Autumn Statement 2016 – Wilton Briefing

 

SIPP Property Investment On 23 November 2016, the Chancellor of the Exchequer, Philip Hammond delivered his Autumn Statement. Here, we outline the key changes that are set to be introduced.
Tony Flanagan
Managing Partner
SIPP Property Investment
Corporation Tax
Corporation Tax for businesses will be reduced from 20% to 19% from 6 April 2017 (as previously announced) and further reduced to 17% in 2020.

 

Personal Tax 
There will be no changes to the previously announced increase in personal allowance for UK taxpayers, which is set to rise from £11,000 to £11,500 from 6 April 2017. The Chancellor also restated his commitment to increase the personal tax allowance to £12,500 and the threshold for higher rate taxpayers to £50,000 by the end of the current parliament.

 

Employment Taxes
The Chancellor announced that from 6 April 2017, any benefits provided through a salary sacrifice scheme will be treated and taxed as earnings from the employment. Exemptions to this rule will apply to childcare, ‘Cycle to Work’ schemes, pensions and pension’s advice, and ultra-low emission cars.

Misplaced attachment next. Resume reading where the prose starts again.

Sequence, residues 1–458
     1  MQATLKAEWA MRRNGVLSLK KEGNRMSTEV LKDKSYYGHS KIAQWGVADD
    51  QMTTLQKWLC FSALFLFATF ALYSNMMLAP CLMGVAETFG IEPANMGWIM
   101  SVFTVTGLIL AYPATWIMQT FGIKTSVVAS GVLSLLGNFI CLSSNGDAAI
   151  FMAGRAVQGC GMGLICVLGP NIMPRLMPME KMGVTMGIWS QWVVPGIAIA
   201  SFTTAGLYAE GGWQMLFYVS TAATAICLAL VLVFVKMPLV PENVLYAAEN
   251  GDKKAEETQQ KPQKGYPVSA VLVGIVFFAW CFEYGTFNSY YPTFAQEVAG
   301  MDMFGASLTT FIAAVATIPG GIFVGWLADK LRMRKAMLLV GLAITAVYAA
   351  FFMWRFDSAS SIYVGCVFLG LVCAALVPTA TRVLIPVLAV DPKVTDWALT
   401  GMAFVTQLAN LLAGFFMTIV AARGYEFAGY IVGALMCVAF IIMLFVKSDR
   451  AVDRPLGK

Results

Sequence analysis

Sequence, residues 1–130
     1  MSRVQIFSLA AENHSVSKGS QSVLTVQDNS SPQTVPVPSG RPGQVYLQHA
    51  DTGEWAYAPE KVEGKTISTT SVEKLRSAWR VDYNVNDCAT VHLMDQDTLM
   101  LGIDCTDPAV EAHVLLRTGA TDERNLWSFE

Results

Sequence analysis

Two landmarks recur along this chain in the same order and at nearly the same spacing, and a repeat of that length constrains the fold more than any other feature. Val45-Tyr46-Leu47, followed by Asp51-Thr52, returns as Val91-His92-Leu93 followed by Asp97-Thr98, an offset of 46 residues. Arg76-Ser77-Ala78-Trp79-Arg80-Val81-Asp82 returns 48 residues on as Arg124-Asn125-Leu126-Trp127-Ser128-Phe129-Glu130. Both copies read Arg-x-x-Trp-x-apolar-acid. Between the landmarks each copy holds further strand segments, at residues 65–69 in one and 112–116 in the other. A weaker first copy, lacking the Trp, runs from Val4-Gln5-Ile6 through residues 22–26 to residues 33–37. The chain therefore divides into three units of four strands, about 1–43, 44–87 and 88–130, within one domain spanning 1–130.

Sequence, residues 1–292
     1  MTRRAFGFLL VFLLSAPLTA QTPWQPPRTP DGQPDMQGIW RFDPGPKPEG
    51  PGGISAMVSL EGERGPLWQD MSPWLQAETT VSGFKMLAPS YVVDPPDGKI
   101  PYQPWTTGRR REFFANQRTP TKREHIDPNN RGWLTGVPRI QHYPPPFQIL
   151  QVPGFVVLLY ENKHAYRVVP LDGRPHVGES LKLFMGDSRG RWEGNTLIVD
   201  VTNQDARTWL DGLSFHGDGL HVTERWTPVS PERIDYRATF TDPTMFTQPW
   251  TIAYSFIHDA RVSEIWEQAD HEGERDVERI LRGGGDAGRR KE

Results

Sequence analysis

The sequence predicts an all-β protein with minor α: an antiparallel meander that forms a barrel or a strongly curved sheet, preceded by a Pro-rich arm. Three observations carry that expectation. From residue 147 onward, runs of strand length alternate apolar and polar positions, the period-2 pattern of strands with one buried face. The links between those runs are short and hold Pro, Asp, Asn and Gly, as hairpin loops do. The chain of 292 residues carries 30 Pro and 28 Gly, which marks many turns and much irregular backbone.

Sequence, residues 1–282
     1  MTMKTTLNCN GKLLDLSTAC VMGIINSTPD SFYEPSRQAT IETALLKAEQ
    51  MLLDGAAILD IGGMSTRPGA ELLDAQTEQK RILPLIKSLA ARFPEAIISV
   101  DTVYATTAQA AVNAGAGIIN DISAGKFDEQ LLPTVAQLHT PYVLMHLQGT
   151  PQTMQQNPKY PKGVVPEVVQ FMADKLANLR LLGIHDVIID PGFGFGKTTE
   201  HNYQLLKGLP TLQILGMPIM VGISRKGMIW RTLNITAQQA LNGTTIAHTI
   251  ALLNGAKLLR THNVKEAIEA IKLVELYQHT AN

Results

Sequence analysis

Furthermore, it was announced that the National Insurance threshold for employees and employers will be aligned at £157 a week. As already announced in the Budget, Class 2 National Insurance contributions will be abolished in April 2018, thus simplifying National Insurance for the self-employed.

 

Insurance Premium Tax
Insurance Premium Tax will rise from 10% to 12% from June 2017. This may lead to a rise in insurance premiums if insurers choose to pass on this increase to customers.

 

Taxes on savings
There are no planned changes to the previously announced increases for Isa and Junior ISA allowances. To reaffirm, from 6 April 2017, adults will be allowed to save up to £20,000 into an ISA, while parents and grandparents will be allowed to subscribe up to £4,128 into a Junior ISA.

 

Property and Housing
Landlords and property rental businesses will take on more costs associated with property lettings with the ban on up-front fees charged by letting agents to prospective tenants. The administration fees associated with securing a tenant for a rental property will be charged to the landlord. No date has been set as yet, however the Chancellor insisted the ban will be introduced “as soon as possible”.

We hope this information is helpful and informative. Please do give us a call if you have any queries or comments and we would be happy to help.
TONY FLANAGAN
MANAGING PARTNER